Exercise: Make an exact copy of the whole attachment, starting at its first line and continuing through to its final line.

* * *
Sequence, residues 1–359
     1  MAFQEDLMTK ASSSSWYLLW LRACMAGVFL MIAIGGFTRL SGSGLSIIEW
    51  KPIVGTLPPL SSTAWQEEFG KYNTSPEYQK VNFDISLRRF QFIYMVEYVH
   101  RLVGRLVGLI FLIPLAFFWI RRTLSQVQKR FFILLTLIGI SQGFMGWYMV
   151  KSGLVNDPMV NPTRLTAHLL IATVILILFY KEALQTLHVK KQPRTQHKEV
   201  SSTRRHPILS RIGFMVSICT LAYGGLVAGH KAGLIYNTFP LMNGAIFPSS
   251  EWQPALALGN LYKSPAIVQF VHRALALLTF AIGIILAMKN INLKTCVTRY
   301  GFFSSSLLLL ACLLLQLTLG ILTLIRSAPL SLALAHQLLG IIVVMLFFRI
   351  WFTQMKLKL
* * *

Sequence, residues 1–359
     1  MAFQEDLMTK ASSSSWYLLW LRACMAGVFL MIAIGGFTRL SGSGLSIIEW
    51  KPIVGTLPPL SSTAWQEEFG KYNTSPEYQK VNFDISLRRF QFIYMVEYVH
   101  RLVGRLVGLI FLIPLAFFWI RRTLSQVQKR FFILLTLIGI SQGFMGWYMV
   151  KSGLVNDPMV NPTRLTAHLL IATVILILFY KEALQTLHVK KQPRTQHKEV
   201  SSTRRHPILS RIGFMVSICT LAYGGLVAGH KAGLIYNTFP LMNGAIFPSS
   251  EWQPALALGN LYKSPAIVQF VHRALALLTF AIGIILAMKN INLKTCVTRY
   301  GFFSSSLLLL ACLLLQLTLG ILTLIRSAPL SLALAHQLLG IIVVMLFFRI
   351  WFTQMKLKL